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4 Jokes No One Should Tell (For Good Reason)

As you probably read in the news, all the legal challenges that resulted from my old column "7 Reasons Your Favorite Religion Promotes Animal Molestation" (don't try finding the links, they're long gone) have been cleared up, an occasion I marked with a quiet moment to reflect on the things that one can and cannot joke about.

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Which I probably should have done beforehand.

And, after considering each lawsuit, piece of hate mail, and bolt of lightning sent my way over the years, I think I've come up with a few rough guidelines on what can and cannot be joked about. I present these to you below with no illusions that it will make any difference at all, you hacks and monsters.

#4. Don't Punch Down

My first starting point was the concept of "don't punch down." This phrase has been used by a number of comedians to describe the principle that you shouldn't tell jokes about people weaker than you or otherwise incapable of fighting back. Although I think there are some flaws with this rule, it's generally a good one to live by; if you find yourself taking a swing at anyone smaller than you, you've probably taken a wrong turn in life somewhere.

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Unless they really deserve it.

This little chestnut is commonly applied in two ways; first, that we shouldn't mock people substantially less famous or powerful than us. If you're a famous comedian, you don't use your platform to pick fights with some poor guy just starting out. The second way this advice is phrased is that we shouldn't joke about or use derogatory terms for groups who have traditionally been victimized, like people with mental difficulties, or gay or transgender people.

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Or the Irish.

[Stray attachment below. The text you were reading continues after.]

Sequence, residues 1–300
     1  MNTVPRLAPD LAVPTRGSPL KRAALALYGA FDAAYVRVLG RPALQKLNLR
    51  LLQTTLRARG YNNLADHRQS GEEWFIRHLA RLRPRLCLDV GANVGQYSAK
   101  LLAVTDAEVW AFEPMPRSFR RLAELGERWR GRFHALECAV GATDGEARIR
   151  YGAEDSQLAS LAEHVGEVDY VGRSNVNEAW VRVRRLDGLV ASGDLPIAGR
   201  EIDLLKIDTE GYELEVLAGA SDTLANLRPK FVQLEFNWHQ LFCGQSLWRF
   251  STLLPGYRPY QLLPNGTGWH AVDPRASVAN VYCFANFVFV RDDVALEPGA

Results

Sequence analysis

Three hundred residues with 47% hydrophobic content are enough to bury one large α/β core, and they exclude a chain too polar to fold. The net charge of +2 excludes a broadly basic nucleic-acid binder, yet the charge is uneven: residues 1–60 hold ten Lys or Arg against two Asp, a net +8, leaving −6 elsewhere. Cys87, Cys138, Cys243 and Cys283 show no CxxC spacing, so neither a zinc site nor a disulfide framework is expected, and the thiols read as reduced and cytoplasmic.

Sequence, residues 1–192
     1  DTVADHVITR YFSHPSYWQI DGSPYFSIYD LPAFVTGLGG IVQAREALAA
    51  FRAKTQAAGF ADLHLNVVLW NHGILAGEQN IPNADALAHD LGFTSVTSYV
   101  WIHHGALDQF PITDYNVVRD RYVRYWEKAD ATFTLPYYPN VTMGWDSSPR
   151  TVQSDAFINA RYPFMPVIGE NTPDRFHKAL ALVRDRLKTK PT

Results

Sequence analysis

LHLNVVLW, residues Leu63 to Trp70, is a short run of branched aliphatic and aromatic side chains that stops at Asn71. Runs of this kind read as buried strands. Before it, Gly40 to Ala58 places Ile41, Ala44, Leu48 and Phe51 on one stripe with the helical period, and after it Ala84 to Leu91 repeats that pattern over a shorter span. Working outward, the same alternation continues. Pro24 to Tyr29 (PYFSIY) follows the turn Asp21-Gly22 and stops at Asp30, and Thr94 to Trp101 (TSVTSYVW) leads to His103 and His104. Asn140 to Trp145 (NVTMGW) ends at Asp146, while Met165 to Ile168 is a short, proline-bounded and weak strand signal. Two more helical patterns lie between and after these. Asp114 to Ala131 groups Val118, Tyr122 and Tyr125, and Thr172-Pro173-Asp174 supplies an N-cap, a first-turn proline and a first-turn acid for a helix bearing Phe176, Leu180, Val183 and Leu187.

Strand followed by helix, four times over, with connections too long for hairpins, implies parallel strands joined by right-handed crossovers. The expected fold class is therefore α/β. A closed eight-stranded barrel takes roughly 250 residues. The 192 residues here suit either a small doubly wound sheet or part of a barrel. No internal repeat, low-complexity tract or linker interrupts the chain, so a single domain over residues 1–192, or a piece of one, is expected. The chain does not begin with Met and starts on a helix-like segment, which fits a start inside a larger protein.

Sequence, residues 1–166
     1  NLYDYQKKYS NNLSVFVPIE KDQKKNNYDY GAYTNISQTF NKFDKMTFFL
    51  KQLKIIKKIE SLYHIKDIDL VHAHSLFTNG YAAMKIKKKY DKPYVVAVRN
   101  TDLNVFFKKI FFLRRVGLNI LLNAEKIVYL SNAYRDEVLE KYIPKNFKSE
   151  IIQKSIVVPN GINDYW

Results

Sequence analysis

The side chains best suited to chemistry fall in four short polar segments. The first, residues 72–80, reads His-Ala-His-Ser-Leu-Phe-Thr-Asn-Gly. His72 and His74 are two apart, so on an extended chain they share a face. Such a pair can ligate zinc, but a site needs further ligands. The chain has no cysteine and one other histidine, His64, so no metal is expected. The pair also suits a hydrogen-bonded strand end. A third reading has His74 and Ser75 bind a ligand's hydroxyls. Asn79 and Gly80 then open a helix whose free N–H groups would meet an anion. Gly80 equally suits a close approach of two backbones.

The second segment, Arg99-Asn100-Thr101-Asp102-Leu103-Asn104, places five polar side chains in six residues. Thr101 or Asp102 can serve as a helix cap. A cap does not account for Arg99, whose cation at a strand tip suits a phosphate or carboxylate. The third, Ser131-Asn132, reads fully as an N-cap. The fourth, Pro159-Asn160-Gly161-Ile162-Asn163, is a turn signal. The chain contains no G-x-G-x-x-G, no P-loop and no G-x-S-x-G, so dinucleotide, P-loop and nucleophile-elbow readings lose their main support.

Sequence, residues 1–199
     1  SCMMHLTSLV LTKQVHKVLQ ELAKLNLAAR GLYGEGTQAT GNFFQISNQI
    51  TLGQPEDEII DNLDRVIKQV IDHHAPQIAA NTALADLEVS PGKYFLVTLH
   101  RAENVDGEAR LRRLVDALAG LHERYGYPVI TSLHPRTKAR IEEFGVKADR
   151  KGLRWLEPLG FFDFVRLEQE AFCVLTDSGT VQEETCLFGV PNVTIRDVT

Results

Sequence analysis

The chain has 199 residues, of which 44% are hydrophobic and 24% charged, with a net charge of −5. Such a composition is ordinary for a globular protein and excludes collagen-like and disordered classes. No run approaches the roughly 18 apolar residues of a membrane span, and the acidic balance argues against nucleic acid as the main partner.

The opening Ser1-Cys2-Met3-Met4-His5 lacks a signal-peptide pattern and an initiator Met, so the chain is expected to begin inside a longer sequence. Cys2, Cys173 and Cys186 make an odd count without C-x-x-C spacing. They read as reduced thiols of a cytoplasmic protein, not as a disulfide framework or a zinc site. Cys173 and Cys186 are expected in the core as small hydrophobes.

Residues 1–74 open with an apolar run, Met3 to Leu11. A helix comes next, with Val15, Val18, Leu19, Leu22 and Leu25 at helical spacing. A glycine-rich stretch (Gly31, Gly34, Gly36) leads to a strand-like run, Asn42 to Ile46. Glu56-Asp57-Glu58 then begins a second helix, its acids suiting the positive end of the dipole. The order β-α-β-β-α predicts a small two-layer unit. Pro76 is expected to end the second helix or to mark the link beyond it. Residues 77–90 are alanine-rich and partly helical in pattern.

Which is all good and fine, and excellent advice to live by. But I don't know if the concept of "don't punch down" is adequately covering the problem.

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It's sort of creating a muffin top of the problem.

My thinking is that "don't punch down" fails to account for the number of very funny, very successful jokes that have been told about people weaker than whoever was telling the joke. Stand-up comics have mocked their ex-lovers for decades, a group of people who generally aren't capable of fighting back. Minimum wage employees are also frequently the target of jokes should they happen to provide anything less than exceptional service to some comedian trying to pad out his set.

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"HOW DARE YOU MISSPELL MY NAME. THE PEOPLE OF THE CHUCKLE DEPOSITORY WILL HEAR OF THIS."

So if that doesn't quite cover the problem, if indeed we can punch down on occasion, what are the real rules?

#3. You Can't Mock a (Sympathetic) Real Person

I think the first guideline is that you have to have some understanding about who your audience will feel sympathy toward before you start mocking them. That's part of the reason comedians feel safe telling jokes about ex-lovers; assuming we don't know them personally, we mentally assign to them all the ill will we feel for our own exes.

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And picture them with the same attributes.

From this we can deduce that telling a joke about an unlikable celebrity is usually pretty safe, particularly if they've suffered a minor misfortune. If Donald Trump were to get his tie caught in a paper shredder on national television, that's a hilarious vein of humor, and you'd be irresponsible not to joke about it.

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Or hypothetically extending the premise.

But if that unlikable celebrity has suffered a big misfortune that makes him suddenly more sympathetic, you should tread more carefully. For most of his adult life, Michael Jackson was the butt of approximately 12 trillion jokes each day for a variety of fairly good reasons. But all that came to an abrupt stop when he suffered the big misfortune of death, at which point everyone agreed to only talk about his more memorable achievements.

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Like his successful snake farm.

The same obviously would apply if, thanks to some absurd failing of your brain chemicals, you decided to start mocking the victims of a crime or disaster. Those are real people, suffering real pain, and a huge percentage of your audience is going to feel sorry for them.

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And feel somewhat less charitably toward you.

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Chris Bucholz

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